Having started supporting Reading about 13 years ago, I've luckily been able to see what's arguably been the best spell in the club's existence. As such, I've watched some terrific footballers at the Mad Stad. To be honest, no single player leaps out as my absolute favourite - indeed, a couple have significance for a variety of reasons. As far as quality goes, I loved the goal threat of Shane Long and the ingenuity of Gylfi Sigurdsson. On the other hand, the terrier-like tenacity of Jay Tabb and the admirable charity work of Noel Hunt endeared me to those players.
However, the one man that stands out for me as being both a joy to watch play football, and being equally entertaining off the pitch is... Jimmy Kebe. The mercurial Malian took a while to settle in at the club but, under the tutelage of Brian McDermott, became one of the best wingers in the club's recent history. His sheer blistering pace set many a game alight, and the fact that he could accelerate away from even the quickest defenders whilst running with the ball must have been terrifying for the opposition. Add in the assists and goals and you get a thoroughly enjoyable, effective player.
It's a real shame that Kebe didn't go on to bigger and better things when he left Reading. His move to Crystal Palace didn't quite work out, and he was eventually faced with the horrific prospect of a move to Leeds United. I wouldn't wish that on anyone.
Thirteen years doesn't leave me with many options here, so really it's a predictably obvious toss-up between Steve Coppell and Brian McDermott. I'm going to sit on the fence here and give two different answers (awkward, I know). As for the best manager, it has to be Steve Coppell. What he did for the club in creating the best team outside of the top division, and then leading it to an 8th place finish in the Premier League, was phenomenal. When the Football League named their best XI and manager of the last decade, Coppell was very unlucky to be pipped to the manager award by Eddie Howe.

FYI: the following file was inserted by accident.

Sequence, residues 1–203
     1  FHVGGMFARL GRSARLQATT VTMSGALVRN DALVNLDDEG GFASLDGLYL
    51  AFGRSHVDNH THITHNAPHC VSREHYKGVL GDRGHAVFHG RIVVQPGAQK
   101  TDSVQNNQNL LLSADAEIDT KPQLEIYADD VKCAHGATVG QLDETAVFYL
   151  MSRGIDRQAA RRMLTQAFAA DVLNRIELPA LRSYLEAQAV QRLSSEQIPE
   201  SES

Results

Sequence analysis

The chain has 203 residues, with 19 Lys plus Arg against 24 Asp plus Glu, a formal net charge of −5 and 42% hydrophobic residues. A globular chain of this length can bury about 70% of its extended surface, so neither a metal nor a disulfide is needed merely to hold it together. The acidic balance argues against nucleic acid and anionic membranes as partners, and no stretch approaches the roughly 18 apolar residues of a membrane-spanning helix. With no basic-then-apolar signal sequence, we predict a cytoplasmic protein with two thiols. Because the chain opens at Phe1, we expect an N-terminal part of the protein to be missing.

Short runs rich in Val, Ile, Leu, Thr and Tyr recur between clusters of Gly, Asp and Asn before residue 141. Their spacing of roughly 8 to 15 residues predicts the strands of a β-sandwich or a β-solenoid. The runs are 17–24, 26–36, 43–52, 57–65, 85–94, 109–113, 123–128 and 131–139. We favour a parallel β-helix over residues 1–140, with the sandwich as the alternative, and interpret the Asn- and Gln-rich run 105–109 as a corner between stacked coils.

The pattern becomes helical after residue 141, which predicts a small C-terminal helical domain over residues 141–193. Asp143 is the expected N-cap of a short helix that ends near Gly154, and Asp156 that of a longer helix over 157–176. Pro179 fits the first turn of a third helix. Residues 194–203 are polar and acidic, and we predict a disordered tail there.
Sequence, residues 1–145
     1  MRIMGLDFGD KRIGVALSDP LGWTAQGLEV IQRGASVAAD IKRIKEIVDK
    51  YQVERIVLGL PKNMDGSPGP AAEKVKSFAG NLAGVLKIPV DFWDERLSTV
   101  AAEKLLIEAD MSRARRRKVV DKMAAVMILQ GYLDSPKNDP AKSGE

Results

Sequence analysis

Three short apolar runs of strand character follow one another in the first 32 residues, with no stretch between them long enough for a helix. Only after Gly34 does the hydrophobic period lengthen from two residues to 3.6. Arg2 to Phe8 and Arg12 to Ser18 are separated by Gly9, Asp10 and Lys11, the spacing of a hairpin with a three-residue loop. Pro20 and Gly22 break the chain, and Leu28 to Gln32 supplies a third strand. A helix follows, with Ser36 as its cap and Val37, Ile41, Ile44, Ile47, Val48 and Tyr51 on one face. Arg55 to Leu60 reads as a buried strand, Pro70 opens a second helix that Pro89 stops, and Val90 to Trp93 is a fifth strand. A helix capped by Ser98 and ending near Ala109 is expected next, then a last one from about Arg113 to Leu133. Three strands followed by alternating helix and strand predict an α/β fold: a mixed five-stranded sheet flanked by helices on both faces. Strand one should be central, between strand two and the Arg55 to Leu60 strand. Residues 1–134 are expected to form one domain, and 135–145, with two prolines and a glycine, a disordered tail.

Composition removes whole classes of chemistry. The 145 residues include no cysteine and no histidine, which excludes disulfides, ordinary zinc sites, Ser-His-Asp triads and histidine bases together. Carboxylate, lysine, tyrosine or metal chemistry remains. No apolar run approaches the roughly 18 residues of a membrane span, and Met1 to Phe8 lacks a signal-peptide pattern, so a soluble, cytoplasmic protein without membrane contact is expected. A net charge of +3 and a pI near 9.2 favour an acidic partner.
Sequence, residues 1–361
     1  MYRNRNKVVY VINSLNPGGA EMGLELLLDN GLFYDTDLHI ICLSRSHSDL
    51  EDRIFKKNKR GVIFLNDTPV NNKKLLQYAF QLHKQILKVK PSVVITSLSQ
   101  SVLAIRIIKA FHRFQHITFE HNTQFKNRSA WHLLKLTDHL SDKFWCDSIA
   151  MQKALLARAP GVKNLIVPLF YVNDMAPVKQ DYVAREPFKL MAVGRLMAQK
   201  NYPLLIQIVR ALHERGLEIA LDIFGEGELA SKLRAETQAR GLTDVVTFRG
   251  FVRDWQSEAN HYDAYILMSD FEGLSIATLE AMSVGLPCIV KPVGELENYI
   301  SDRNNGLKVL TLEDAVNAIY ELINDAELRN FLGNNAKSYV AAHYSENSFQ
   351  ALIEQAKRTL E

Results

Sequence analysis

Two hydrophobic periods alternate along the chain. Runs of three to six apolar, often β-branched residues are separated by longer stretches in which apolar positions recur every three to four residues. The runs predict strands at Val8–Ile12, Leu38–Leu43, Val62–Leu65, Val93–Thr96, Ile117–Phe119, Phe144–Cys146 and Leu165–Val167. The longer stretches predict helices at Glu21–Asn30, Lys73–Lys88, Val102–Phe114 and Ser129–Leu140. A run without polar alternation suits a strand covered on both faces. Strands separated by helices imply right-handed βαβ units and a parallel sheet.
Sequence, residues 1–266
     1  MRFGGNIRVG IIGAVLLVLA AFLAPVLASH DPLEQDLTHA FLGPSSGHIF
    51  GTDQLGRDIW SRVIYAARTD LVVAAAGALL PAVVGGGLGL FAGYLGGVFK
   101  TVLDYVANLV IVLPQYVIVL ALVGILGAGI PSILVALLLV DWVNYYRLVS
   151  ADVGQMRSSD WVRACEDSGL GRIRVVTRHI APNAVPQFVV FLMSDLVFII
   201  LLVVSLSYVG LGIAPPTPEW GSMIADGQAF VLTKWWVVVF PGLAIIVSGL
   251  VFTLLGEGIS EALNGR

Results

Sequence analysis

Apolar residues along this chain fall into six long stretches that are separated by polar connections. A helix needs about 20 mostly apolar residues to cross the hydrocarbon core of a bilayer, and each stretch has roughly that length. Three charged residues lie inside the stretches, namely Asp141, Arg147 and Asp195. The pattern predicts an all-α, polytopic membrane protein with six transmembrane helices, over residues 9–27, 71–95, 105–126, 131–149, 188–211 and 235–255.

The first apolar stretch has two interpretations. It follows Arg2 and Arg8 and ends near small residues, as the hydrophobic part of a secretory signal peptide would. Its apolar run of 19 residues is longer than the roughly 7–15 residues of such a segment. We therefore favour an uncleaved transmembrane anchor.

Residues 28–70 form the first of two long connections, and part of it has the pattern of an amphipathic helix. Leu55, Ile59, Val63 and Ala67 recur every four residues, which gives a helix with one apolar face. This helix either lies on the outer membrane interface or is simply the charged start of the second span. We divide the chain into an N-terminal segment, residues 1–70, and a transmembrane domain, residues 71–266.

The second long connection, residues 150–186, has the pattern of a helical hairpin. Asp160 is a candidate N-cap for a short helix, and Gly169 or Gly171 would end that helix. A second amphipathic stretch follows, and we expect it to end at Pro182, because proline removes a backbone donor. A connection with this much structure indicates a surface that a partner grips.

As for favourite manager, it's Brian McDermott. His warm, bubbly nature came across as a terrific advert for the football club. Granted, he wasn't quite as accomplished as Coppell, but his man-managing ability was second to none. Even getting into the Playoffs with the 2011/12 team would have been a big achievement - Brian managed to win the league by squeezing every ounce of quality out of the likes of Jobi McAnuff, Mikele Leigertwood and others.
Here's a controversial bit - this'll annoy a lot of people, but it's what I honestly feel, so hey. Obviously, he was nowhere near as good as the previous two, but I've got a lot of time for Nigel Adkins. Sure, we didn't have any success under him, but I loved his sheer enthusiasm for the game. Most got wound up pretty easily by his optimism, but to me it clearly showed that he loved doing his job. Have a look at the video below for a taste of what I mean.
How many managers in this day and age would take time out to not only watch the u14 team, but to then give them praise in person after the game? It's the kind of thing that's easy to forget, but to me it showed the measure of a very enthusiastic man.